The 152 and most other light airplanes - including taildraggers such as the three I own - are completely manageable in those conditions in the hands of a properly trained pilot. If your instructor is not willing or able to teach you how to fly in those conditions, find another instructor and get the training you need.

      Even pilots who just fly for fun and choose not to fly in suboptimal conditions should still obtain and maintain proficiency in gusty wind conditions because one of these days, even they will get caught out when conditions change abruptly and their "clear and a million, winds calm" pleasure flight gets interrupted by challenging conditions. Unfortunately, lots of young instructors are inexperienced themselves and unwilling to jeopardize their progression to the airlines by flying or training in challenging conditions. Their students and general aviation safety statistics bear the cost of this apprehension by creating a large swath of pilots who are unable to safely operate their airplanes in anything other than ideal conditions.

    5. I'm don't know if all C182's have a max demonstrated xwind component of 15 kts, but that's what is in the C182 manual I have. Max demonstrated is not max if you spend time training.

      I think some (not you) aren't understanding that the correct term is crosswind component. If the wind is gusting 15 kts at 10 degrees off the nose, that is not 15 kts of crosswind component. To calculate it take 15 kts x sine(10 deg) = 2.6 kts. And yes I know the rules of thumb, it's just easy to do the math and more fun imho.

      The accident aircraft ADSB data (from above) says she was on a heading of 169 deg at 20:21Z.

      Metar data posted above around that time shows:
      K2R9 062035Z AUTO 15014G19KT 10SM CLR A2967
      K2R9 062015Z AUTO 13019KT 10SM CLR 37/21 A2967

      20:15 130 at 19 kts = 169 - 130 = 39 degrees. Xwind component for that would be about 12 kts. or about .63 (63% of the total wind).

      20:35 150 degrees 5kt gust. 169 - 150 = 19 degrees. Xwind component for a 5kts gust = .33 (33% of the total wind) x 5 = 1.62 kts of crosswind component.

      The good ole E6B has a real nice tool for visualized xwind component built in.

      I don't know what happened but I doubt crosswind played much, if any, part in this tragic accident. I've practiced (with an instructor) in legit 20 knot gusty and variable direction max crosswind component in an old C172B model, on purpose. I was looking forward to his call telling me to come fly and I was happy when I got it. We had l-r winds on landing and r-l winds on takeoff (airport is on top of a mesa and the winds swirl around the mesa). I did 8 touch and goes in the crazy spring winds we were having and the instructor did a touch and go and landing just to keep some skin in the game.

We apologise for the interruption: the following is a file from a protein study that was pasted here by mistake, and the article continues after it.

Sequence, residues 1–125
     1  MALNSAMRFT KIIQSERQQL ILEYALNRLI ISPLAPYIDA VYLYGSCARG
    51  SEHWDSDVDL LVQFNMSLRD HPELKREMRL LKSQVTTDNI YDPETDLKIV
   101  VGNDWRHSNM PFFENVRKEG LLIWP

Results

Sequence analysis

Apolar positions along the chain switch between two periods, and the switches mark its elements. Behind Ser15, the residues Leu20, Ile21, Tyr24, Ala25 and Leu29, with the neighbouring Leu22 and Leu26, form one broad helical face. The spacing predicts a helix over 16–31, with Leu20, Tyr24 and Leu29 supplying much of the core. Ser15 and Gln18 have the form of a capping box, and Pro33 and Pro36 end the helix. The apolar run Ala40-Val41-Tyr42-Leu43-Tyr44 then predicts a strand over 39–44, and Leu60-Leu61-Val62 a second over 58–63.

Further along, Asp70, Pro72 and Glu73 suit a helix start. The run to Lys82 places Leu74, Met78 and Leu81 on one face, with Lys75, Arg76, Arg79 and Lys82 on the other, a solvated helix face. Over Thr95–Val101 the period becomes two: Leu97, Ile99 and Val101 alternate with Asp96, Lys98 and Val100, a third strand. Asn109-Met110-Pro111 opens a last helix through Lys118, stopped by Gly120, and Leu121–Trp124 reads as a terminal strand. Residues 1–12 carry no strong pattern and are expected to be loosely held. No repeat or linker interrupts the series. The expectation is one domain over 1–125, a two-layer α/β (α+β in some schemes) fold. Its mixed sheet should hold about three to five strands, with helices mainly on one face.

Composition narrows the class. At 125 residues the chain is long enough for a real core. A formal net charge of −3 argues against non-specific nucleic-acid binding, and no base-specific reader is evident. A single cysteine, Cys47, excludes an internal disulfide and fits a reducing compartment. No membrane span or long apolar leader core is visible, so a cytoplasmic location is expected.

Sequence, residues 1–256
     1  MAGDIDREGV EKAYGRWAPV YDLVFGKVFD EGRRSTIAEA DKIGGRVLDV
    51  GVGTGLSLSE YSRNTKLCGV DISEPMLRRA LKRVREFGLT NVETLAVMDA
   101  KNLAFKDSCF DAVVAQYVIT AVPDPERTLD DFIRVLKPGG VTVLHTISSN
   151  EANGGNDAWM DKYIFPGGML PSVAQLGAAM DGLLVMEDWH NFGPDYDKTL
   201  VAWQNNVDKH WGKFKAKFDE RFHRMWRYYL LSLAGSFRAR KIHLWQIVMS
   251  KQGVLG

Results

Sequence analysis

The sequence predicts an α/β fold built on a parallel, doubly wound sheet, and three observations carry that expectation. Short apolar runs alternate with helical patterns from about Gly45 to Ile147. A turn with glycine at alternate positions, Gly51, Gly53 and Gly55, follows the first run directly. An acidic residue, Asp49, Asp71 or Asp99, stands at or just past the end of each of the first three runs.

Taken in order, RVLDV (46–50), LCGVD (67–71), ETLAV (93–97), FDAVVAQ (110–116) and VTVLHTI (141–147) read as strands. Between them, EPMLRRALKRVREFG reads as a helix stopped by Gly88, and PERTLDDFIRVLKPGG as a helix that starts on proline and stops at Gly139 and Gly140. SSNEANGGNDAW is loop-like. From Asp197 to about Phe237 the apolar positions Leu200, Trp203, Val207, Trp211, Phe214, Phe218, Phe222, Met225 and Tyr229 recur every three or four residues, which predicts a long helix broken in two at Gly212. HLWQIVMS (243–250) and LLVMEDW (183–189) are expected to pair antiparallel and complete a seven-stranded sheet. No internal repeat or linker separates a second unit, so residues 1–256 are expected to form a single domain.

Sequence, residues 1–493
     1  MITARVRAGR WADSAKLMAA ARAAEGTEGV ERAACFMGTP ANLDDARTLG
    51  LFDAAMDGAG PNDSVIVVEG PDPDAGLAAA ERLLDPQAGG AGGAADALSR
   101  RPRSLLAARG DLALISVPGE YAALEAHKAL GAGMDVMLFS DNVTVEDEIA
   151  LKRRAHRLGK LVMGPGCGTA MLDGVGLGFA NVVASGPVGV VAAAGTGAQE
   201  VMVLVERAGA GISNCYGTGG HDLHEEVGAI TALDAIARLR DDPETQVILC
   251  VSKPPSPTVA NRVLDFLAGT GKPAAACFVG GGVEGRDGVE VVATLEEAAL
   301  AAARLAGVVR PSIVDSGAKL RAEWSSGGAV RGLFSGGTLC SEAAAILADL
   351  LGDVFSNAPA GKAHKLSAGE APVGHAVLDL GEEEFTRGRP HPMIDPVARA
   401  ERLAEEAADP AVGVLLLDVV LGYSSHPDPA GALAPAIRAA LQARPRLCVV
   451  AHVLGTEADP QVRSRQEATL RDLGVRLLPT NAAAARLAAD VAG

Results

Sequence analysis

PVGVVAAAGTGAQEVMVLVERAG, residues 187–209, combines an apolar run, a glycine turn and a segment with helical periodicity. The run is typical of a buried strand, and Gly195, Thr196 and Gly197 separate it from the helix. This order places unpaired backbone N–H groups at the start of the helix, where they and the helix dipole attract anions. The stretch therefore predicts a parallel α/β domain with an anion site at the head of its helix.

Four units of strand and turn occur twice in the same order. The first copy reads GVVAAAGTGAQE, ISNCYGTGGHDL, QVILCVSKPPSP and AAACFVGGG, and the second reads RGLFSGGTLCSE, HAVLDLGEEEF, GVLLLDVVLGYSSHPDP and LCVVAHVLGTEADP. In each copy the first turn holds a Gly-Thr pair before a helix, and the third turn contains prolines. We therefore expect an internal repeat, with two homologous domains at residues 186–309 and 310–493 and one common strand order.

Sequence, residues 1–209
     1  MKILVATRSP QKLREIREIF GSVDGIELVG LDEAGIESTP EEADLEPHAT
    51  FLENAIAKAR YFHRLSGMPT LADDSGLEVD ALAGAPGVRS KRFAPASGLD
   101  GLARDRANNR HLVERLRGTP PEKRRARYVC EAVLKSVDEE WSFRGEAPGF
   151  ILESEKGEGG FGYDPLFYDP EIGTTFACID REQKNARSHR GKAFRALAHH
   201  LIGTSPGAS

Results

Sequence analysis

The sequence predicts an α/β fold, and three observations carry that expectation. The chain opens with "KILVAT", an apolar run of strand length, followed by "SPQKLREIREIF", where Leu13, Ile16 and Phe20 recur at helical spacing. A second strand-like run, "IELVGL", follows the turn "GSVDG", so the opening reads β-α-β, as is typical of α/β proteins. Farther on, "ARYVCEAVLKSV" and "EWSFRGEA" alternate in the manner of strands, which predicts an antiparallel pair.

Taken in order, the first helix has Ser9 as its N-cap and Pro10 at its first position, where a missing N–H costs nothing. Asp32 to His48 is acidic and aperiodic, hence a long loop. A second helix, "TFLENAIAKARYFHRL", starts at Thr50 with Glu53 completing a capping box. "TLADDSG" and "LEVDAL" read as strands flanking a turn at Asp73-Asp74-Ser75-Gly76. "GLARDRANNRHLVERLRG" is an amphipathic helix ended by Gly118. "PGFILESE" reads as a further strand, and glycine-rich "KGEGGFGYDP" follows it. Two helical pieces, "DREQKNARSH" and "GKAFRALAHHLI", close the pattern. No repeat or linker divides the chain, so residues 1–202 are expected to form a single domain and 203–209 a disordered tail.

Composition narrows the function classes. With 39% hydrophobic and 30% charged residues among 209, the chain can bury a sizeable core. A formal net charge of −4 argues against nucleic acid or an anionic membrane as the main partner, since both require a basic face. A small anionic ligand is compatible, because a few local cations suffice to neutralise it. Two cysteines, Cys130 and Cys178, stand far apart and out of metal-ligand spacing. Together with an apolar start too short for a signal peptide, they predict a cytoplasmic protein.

I feel for the people that have lost their loved ones. I'm sure they want to know what happened. It looks to me like the sky was her happy place. I can relate to that. RIP to the young lady and her son. Condolences to her loved ones. Embrace your grief, it's the least you can do to honor her memory.

  8. The one (1) poor quality and distant photo of the aircraft shows the red bottom of the fuselage and the undersides of the white horizonal stabilizers. The aircraft is laying on its left side without wings, which leads to an assumption that both wings were torn off in the crash.

    We have a vaguely written report without additional photographs. Any attempt to draw conclusions at this time as to the cause of this tragic accident is pure speculation. However the above post by Lewis is likely spot on. It's likely mid-afternoon gusting winds caused a loss of control on a low altitude approach.

    1. Photo looks as if cockpit rearward is crushed.

  9. She nosedived from 300'. Flying too slowly.

    1. Are you speaking as an observer of the incident or have other info to substantiate your comment?

    2. She had an app that tracked altitude, course, etc.

    3. The purpose of the app was so her husband could track her progress.

    4. If one of you commenting knows the husband, please advise him of the second aircraft that was nearby and converging on 2R9 at the time, as shown in a later comment. That pilot would have heard CTAF transmissions made by the accident pilot and was in a position to witness the crash, as indicated by track position beforehand and circling afterwards.